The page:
Official data released on Monday by the Bank of Greece confirmed that 2015 was an all-time record year for Greek tourism, thanks to the significant contribution of revenues from US and British holidaymakers.
Tourism takings last year amounted to 14.2 billion euros, posting annual growth of 6 percent. Revenues from US tourists registered a massive 44.4 percent year-on-year rise to reach a record 945.6 million euros, while revenues from the British market exceeded 2 billion euros, posting 30.5 percent annual growth. This development came about mainly due to the slide of the euro against the US dollar and the British pound.
There were also gains in revenues from German visitors, who spent 13.6 percent more last year, reaching 2.26 billion, while French tourists achieved record spending of 1.2 billion euros, rising 6.6 percent compared to 2014. On the other hand, there was a major 63.2 percent year-on-year decline in revenues from the Russian market, which amounted to 425.5 million euros.
The number of tourism arrivals in Greece expanded 7.1 percent in 2015 from the year before, reaching an all-time high of 23.6 million, with US and French tourists also posting record numbers. The number of US visitors climbed above 750,000, rising 26.8 percent from 2014, while French visitors rose 4 percent to exceed 1.5 million.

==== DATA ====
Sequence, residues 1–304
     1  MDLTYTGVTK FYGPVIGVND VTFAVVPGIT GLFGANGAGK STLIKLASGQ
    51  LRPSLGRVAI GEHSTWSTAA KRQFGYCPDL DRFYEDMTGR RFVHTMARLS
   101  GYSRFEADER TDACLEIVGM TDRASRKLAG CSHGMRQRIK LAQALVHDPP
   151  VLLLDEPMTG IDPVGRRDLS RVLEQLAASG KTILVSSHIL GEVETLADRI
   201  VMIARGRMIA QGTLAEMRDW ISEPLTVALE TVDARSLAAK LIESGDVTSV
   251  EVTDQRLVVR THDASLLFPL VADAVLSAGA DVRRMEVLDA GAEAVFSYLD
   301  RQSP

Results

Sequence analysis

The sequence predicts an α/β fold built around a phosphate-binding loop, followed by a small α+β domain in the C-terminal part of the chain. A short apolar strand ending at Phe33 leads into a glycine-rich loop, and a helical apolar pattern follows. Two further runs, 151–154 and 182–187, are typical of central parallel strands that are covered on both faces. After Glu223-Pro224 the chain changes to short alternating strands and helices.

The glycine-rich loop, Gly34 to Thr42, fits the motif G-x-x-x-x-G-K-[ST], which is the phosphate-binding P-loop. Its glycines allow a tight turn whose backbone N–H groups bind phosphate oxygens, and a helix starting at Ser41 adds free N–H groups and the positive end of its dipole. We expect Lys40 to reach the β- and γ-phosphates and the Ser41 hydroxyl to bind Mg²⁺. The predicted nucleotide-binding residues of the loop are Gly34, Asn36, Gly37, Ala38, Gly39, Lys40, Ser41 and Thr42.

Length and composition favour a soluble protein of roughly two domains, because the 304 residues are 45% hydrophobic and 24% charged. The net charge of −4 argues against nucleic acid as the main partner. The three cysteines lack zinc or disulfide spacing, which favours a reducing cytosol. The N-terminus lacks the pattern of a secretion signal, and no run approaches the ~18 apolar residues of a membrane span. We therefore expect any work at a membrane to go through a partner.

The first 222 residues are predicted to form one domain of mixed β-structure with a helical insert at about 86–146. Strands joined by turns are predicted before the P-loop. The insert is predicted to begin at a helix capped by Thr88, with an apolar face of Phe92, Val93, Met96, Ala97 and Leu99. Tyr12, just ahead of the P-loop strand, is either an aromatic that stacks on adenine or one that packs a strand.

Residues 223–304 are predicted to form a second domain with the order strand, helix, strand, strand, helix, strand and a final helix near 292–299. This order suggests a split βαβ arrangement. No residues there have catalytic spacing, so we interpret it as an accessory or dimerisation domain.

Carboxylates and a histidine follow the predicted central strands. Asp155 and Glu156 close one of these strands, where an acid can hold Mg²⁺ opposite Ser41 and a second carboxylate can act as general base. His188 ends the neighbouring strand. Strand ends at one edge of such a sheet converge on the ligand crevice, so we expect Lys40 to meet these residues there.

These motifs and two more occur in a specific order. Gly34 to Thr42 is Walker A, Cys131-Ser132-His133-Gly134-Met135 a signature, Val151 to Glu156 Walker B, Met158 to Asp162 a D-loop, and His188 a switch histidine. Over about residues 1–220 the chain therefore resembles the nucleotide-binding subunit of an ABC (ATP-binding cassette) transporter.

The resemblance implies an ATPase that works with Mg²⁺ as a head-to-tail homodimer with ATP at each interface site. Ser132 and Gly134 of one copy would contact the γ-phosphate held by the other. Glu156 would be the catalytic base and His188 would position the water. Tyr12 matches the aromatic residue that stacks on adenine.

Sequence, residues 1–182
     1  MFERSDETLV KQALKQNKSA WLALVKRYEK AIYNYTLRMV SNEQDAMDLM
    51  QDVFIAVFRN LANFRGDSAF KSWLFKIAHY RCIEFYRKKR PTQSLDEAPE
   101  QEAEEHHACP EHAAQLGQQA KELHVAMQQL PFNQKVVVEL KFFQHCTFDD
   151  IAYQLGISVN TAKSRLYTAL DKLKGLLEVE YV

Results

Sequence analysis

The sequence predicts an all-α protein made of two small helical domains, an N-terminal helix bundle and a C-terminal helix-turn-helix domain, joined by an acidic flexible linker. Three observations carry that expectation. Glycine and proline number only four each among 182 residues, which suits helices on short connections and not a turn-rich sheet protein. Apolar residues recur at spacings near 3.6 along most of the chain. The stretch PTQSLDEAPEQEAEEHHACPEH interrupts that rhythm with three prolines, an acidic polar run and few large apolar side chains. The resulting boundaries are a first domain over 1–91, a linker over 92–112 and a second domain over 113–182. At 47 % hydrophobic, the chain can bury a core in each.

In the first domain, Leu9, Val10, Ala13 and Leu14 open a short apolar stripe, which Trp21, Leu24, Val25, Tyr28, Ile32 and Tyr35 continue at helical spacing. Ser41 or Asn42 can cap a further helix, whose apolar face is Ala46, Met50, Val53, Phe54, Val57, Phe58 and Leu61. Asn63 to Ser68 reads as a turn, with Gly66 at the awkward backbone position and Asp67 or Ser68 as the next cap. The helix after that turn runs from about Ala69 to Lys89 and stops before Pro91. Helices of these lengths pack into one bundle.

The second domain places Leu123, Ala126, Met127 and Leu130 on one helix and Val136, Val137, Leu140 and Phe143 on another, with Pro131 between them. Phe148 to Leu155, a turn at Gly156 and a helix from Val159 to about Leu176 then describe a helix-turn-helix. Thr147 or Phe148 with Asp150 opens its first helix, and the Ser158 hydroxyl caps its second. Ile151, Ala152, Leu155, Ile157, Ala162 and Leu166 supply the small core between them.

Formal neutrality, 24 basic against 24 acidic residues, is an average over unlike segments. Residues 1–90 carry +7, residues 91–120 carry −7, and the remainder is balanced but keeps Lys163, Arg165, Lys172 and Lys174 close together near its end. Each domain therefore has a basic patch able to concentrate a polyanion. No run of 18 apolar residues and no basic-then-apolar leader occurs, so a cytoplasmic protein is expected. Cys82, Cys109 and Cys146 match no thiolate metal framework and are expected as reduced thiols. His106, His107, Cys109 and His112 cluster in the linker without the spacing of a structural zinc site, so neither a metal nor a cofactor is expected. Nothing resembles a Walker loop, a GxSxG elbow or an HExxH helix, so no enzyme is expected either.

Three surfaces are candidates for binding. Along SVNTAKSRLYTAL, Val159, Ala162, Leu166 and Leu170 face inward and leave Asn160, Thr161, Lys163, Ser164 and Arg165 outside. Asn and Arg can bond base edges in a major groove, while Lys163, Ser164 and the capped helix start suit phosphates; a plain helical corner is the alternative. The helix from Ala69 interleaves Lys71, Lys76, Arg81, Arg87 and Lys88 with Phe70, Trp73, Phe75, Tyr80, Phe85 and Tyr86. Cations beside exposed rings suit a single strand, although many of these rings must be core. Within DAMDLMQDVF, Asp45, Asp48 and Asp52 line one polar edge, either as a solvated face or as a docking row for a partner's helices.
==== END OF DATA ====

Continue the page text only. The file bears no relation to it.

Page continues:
There was also a positive trend in Greek tourism’s two main markets: German holidaymakers increased 14.3 percent on a yearly basis to top 2.8 million, while 14.7 percent more Britons visited Greece in 2015 than in 2014 to add up to almost 2.4 million. The number of Russian tourists slumped 59 percent to almost 513,000.
In December 2015 alone there was a 12.2 percent increase in tourism revenues, which reached 205 million euros, while foreign tourism arrivals declined by 9.3 percent from December 2014 to 488,000. All main five markets (German, British, French, US and Russian) posted a rise in arrivals, while revenues rose from the Americans, the Russians and the French, but declined from the Germans and the British.
BoG figures also showed that the travel balance recorded a surplus of 12.17 billion euros last year, rising 7.5 percent from the surplus of 11.3 billion registered in 2014. This development is mainly attributed to the rise in tourism revenues by 801 million euros and, to a lesser extent, to the 51-million-euro decline in travel payments (money used for traveling abroad).
Average expenditure per trip amounted to 582.9 million euros, recording a decline of 1.2 percent from 2014.